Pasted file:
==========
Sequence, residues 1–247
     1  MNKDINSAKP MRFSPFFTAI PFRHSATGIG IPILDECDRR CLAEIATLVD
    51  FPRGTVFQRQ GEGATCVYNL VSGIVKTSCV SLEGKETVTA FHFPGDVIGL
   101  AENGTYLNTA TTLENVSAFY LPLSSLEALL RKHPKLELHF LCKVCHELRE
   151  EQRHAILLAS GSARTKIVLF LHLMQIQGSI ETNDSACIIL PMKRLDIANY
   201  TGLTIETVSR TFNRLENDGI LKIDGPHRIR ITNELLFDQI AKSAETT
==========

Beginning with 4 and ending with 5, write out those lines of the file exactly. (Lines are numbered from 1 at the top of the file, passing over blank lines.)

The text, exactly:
   101  AENGTYLNTA TTLENVSAFY LPLSSLEALL RKHPKLELHF LCKVCHELRE
   151  EQRHAILLAS GSARTKIVLF LHLMQIQGSI ETNDSACIIL PMKRLDIANY